How changing your credit limit affects your credit score

By   |   Verified by Yvonne Taylor   |   Updated 25th June 2021

How changing credit card credit limit affects credit score
  • Thinking of requesting a higher or lower credit limit?
  • Get the details on the role your credit limit plays in your credit score.

Your credit limit is not set in stone and the process of changing it is generally quite an easy one. However, being one of several factors in the algorithms used by credit bureaus to calculate your credit score, it is important to consider your options before submitting your application.

In this guide, we'll look at how your credit score responds to a change in credit limit, both increased and decreased.

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What banks report to credit agencies

In order to calculate your credit score, banks report information about your credit limit to credit agencies. Data reported include everything from new credit applications, whether you were approved or not, repayments and their timeliness, etc. They also report information related to your credit limit, including:

  • how much credit you applied for when you submitted your application to open an account;
  • how much credit the bank extended to you to use (your credit limit);
  • how much credit you are using.

These data are reported on a monthly schedule, giving the credit agency a snapshot in time of your finances.

Available credit and debt-to-credit ratio

Revolving credit products of all kinds — credit cards, store cards, and charge cards — have credit limits. Since the credit limit for each open revolving credit product is reported, the total amount of available credit can be calculated using simple addition.

Since the amount of credit used is also reported, it is therefore possible to calculate a debt-to-credit ratio by dividing the total amount of available credit by the total amount of credit used.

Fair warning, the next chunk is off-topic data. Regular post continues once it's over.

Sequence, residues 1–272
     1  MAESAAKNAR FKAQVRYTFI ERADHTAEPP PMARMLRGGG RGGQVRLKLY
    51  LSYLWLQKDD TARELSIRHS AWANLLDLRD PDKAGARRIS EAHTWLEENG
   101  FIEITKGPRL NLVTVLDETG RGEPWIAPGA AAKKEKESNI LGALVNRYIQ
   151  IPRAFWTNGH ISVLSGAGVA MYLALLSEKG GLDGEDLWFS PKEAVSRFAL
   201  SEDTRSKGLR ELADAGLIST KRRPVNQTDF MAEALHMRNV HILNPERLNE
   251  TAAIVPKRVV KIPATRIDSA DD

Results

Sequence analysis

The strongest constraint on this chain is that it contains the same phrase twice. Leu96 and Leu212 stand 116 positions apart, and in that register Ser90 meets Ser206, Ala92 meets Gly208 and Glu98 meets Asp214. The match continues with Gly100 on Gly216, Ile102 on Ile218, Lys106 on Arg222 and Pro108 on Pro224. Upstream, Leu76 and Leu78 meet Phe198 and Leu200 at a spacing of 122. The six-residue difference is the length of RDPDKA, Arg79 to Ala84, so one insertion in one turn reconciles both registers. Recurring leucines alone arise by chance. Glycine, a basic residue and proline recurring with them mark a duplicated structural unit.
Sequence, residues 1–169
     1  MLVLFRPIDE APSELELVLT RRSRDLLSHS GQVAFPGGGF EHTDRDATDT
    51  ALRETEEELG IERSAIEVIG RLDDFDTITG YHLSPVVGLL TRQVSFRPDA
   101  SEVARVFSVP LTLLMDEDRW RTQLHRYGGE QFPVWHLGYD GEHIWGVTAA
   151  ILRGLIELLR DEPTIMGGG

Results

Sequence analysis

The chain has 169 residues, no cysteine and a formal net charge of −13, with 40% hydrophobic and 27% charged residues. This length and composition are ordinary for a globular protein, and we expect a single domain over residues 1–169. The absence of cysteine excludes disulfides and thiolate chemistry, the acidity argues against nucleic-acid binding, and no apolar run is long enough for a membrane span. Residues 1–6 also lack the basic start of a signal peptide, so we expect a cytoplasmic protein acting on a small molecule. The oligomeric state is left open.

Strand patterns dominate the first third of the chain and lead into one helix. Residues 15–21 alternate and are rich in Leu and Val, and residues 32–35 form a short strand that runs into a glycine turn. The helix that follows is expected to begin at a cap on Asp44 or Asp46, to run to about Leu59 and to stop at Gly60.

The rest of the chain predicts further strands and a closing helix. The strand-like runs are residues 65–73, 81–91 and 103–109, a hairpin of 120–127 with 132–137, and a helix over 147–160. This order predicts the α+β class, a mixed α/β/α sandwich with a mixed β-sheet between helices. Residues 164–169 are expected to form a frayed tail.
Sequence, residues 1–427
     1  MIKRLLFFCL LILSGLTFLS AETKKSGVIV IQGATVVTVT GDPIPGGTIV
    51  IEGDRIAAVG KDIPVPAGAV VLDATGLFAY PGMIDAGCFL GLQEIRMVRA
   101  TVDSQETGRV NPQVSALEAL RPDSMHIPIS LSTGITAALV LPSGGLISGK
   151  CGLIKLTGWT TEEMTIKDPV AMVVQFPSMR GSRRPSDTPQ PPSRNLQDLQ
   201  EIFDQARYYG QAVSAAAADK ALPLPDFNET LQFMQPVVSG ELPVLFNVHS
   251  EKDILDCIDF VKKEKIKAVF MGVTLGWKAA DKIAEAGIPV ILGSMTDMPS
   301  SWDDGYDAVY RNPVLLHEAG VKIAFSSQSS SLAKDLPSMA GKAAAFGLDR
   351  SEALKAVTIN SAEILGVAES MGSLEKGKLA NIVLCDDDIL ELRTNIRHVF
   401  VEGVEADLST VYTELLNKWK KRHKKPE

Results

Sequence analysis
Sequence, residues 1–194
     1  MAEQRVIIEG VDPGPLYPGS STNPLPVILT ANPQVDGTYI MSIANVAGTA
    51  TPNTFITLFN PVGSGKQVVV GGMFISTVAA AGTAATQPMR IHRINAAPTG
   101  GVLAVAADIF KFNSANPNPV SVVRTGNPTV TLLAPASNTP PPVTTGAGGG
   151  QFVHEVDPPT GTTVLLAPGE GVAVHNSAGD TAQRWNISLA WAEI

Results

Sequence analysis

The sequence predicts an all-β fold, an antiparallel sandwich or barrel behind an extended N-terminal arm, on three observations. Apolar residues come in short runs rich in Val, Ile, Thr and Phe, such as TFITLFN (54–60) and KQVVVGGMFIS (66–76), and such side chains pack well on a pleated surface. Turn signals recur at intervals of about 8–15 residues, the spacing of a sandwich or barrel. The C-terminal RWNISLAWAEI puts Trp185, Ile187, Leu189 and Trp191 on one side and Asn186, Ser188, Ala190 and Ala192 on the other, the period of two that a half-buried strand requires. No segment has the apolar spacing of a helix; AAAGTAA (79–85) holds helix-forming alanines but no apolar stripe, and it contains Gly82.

For example, if you have two credit cards, one with a credit limit of $10,000 and another with a credit limit of $8,000, your total available credit is $18,000. If the balance owing on card A is $6,000 and on card B is $1,200, your total debt is $7,200. Your debt-to-credit ratio is calculated as a percentage, i.e. 7200 / 18000 x 100 = 40%.

A large amount of available credit is not necessarily going to damage your credit score by itself, but someone using a high percentage of their available credit may be viewed with more caution than someone using a small percentage. The effect of a high debt-to-credit ratio combined with missed payments may be of particular concern to a bank for obvious reasons.

Therefore, careful consideration should be given to the impact of changing your credit limit on your debt-to-credit ratio.

Your debt to credit ratio may also be referred to as the credit utilisation ratio.

Raising your credit limit may involve a new credit check

If you have done the numbers and still want to change your credit limit, there is something else to consider: it may involve the bank running a credit check as part of their decisioning process.

This matters if you are planning to apply for a new credit card, finance, lease, personal or home loan because: